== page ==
April 4, 2003

Downtown LA Fault Line Worries Geologists


LOS ANGELES (AP) -- A recently mapped, still-active fault line that snakes beneath downtown Los Angeles is capable of generating major earthquakes, but only about once every 2,000 years, according to a new study.

At least four earthquakes of estimated magnitudes 7.2 to 7.5 have struck over the last 11,000 years on the Puente Hills fault, which was first mapped just four years ago. A segment of the fault last ruptured in 1987 with a magnitude-6 earthquake.

The study is the first to show how often and with how much punch large quakes have struck on the fault in the past, said lead author James Dolan, an earthquake geologist at the University of Southern California.

The findings firmly place the fault among the largest of the 100 or more that crisscross the Los Angeles region. Details appear Thursday in the journal Science.

Dolan called the findings a good news-bad news proposition: The major quakes the fault has generated in the past would ravage modern-day Los Angeles, but apparently only strike every 2,000 years or so.

"What we didn't know was how fast this fault is storing up energy ... and whether it releases this energy in the form of numerous, small-sized earthquakes or in less frequent, but much larger events," Dolan said. "Our results suggest the latter is the case."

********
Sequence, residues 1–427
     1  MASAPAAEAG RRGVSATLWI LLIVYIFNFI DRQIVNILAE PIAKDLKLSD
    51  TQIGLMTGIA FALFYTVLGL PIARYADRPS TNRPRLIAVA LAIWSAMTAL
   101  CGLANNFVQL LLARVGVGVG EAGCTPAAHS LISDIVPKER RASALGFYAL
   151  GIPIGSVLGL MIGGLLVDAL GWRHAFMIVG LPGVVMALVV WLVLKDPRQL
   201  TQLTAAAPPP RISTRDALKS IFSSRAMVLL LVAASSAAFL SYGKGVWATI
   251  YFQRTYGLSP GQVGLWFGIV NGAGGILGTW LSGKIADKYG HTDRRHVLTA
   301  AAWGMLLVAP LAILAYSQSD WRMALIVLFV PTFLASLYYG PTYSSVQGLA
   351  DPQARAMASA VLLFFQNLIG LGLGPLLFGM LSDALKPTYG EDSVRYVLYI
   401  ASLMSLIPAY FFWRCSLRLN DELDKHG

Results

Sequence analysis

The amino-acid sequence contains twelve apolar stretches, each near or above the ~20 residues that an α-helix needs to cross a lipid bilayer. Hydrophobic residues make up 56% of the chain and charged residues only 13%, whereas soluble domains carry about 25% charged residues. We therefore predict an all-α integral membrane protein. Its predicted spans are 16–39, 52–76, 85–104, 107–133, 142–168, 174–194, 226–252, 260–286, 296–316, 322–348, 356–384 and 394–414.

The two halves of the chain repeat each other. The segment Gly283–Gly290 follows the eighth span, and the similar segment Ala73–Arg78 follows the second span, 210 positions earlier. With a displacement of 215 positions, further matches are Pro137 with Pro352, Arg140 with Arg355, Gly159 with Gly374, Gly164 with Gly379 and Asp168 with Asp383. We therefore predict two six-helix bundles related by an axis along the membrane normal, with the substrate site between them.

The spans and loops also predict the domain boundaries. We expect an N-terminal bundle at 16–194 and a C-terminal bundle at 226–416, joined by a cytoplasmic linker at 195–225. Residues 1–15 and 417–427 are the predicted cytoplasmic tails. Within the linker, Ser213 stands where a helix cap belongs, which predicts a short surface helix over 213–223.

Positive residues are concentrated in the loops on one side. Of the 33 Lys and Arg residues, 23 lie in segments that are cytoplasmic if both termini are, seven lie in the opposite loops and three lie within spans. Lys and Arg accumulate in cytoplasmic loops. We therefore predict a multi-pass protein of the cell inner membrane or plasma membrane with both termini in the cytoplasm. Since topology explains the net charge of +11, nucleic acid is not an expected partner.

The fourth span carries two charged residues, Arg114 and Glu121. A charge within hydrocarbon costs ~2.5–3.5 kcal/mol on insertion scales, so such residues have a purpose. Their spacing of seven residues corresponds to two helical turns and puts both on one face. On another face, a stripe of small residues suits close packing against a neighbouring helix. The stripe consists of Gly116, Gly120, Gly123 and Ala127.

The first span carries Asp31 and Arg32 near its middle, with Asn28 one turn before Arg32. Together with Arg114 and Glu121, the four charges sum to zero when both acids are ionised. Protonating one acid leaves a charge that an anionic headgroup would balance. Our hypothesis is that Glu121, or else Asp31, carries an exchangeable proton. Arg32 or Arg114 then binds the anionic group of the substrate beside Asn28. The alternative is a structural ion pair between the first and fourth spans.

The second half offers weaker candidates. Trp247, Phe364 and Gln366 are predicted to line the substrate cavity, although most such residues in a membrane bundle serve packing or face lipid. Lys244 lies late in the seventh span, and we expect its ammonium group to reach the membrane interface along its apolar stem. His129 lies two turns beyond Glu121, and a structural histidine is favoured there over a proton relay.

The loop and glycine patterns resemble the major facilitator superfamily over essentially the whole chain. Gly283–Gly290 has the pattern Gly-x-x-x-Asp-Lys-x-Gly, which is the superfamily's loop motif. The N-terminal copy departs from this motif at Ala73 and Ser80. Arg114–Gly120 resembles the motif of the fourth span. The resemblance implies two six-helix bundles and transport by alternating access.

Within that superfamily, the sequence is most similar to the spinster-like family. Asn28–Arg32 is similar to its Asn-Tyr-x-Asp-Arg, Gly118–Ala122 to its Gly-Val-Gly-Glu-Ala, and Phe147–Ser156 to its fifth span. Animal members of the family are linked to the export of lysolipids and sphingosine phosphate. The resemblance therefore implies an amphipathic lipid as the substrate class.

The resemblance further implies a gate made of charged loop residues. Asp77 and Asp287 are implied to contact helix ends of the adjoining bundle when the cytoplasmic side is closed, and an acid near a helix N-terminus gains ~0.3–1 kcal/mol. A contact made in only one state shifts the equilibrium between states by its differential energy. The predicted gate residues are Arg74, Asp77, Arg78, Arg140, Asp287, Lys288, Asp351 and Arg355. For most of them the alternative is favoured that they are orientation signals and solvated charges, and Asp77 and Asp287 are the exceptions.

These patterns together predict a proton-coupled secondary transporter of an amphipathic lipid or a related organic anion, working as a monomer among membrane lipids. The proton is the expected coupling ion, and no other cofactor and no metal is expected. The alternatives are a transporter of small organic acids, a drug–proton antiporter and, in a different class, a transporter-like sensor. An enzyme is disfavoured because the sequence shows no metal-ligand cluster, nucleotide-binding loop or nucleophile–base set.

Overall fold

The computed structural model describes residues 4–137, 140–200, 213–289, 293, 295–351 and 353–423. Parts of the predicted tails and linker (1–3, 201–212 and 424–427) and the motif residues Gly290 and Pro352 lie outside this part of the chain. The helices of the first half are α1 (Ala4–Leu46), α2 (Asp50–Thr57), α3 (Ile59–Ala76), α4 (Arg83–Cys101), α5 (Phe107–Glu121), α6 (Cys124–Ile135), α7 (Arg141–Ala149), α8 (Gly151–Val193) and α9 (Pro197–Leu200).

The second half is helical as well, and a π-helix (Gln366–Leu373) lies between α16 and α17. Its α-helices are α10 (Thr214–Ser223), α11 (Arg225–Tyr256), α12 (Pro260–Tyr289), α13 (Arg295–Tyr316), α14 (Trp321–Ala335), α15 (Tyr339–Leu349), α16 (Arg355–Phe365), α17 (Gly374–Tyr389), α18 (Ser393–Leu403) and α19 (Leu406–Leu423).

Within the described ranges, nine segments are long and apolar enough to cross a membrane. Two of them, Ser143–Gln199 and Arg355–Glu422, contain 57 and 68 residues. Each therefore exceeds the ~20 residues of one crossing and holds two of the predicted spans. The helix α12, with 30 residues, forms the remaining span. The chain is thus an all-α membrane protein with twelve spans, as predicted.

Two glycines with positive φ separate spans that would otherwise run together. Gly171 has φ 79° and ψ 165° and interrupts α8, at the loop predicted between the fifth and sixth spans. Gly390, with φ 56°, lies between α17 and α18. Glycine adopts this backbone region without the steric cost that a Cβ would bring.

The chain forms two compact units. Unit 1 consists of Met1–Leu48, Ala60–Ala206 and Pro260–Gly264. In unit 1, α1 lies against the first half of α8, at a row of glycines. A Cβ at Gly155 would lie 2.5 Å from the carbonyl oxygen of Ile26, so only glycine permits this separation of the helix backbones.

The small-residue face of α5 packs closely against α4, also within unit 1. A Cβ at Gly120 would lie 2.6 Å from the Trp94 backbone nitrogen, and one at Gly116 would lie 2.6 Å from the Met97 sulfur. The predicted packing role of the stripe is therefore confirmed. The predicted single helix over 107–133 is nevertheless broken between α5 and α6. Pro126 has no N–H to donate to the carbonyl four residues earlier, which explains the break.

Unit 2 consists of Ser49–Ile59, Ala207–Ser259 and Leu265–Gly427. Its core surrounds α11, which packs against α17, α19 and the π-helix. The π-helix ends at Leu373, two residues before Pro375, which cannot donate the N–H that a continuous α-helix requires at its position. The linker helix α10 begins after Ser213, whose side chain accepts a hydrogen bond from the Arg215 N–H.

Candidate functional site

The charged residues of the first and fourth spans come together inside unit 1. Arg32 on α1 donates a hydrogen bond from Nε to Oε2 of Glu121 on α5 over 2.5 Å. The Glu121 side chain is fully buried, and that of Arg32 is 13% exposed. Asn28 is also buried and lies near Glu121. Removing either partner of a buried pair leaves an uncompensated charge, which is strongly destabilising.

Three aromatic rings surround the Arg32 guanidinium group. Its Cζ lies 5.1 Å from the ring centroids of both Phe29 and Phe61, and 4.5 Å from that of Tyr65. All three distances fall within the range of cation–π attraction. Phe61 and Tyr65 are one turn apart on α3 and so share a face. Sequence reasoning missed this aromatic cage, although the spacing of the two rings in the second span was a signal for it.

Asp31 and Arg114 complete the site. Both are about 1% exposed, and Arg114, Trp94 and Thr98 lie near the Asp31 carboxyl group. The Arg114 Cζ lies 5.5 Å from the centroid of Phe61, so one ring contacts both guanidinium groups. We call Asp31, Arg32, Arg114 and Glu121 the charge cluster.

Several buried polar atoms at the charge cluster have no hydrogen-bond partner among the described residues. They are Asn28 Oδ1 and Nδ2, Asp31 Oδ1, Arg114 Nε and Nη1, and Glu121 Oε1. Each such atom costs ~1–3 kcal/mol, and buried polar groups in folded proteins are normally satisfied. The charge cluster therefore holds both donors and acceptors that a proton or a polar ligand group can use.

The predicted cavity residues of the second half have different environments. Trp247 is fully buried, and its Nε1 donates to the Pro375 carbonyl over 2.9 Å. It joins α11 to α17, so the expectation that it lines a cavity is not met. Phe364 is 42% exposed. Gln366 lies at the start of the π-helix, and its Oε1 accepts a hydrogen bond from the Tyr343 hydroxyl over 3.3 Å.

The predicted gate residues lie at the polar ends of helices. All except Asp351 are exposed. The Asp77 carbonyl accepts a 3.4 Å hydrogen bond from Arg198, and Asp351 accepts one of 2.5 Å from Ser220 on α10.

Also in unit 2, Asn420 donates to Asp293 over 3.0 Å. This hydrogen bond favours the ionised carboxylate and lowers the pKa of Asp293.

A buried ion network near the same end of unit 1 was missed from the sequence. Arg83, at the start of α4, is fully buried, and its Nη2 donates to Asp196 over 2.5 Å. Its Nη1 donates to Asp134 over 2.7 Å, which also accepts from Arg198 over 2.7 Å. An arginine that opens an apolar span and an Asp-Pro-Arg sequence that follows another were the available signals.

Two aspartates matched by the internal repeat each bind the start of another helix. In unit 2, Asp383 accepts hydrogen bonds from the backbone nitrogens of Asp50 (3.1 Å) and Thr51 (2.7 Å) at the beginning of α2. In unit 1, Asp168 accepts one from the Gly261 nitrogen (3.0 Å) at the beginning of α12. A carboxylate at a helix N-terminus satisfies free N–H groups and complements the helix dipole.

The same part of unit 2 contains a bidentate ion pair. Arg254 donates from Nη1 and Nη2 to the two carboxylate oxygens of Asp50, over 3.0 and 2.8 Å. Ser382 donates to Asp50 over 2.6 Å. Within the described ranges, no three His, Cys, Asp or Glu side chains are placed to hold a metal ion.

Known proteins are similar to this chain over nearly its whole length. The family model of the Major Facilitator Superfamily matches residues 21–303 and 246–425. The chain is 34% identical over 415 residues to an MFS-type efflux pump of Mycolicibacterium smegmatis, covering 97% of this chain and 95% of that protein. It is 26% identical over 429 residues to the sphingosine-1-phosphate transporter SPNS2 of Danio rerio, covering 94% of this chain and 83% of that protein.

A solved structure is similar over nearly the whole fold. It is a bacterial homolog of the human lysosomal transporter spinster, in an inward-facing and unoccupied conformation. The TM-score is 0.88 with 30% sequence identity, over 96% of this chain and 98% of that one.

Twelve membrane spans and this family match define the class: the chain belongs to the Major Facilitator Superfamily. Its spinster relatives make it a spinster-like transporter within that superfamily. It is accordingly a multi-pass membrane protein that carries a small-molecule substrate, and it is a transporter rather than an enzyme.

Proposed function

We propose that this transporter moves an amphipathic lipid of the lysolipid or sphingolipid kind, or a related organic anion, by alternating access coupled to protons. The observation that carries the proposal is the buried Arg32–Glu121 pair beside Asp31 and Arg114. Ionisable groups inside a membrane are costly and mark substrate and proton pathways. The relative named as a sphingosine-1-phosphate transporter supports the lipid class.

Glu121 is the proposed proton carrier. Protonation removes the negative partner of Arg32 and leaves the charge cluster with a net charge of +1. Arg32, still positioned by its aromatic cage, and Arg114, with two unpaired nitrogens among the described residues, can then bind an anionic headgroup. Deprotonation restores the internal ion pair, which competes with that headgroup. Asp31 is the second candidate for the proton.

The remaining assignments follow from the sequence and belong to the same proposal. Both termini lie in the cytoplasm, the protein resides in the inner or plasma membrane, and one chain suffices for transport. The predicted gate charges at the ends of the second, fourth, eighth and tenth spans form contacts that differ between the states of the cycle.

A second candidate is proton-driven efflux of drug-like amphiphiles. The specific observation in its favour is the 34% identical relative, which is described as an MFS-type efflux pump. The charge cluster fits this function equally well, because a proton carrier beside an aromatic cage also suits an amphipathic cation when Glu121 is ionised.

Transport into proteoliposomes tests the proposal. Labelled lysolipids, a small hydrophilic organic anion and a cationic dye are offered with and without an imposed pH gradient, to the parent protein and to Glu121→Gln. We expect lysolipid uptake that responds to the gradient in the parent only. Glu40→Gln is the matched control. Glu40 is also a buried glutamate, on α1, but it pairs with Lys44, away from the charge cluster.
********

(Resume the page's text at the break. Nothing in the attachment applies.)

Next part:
Lucy Jones, who runs the Pasadena office of the U.S. Geological Survey, which partly funded the study, called the findings "disturbing, disturbing information."

"The conclusion that there have to be pretty big earthquakes underneath Los Angeles is not without consequence," said Jones, who was not connected with the study.

Many of the buildings in downtown Los Angeles were built to withstand a quake no larger than magnitude 5 directly underneath them. A magnitude-7 earthquake, by comparison, releases about 1,000 times more energy.

"If you had to design the worst place to put a fault in Los Angeles, Puente Hills is it," Dolan said

But seismologists also caution that the new findings do little to raise the overall risk Los Angeles faces, given the number of faults within the region.

Geologists predict the Puente Hills fault will generate a major quake in the future, yet the likelihood of it happening in the next 50 or so years is slim.

The Puente Hills fault snakes for about 30 miles, formed by the collision of the Pacific and North American plates, which catches the Los Angeles basin in a viselike squeeze. That stress is released in earthquakes.

Dolan and his co-authors used oil industry data and cores extracted from more than a dozen boreholes to gather evidence of the Puente Hills fault's past.

There is little sign of the fault visible at the surface today and past earthquakes have folded the buried layers of sediments draped over it. When sampled, the layers can be carbon-dated, allowing scientists to build a quake chronology.


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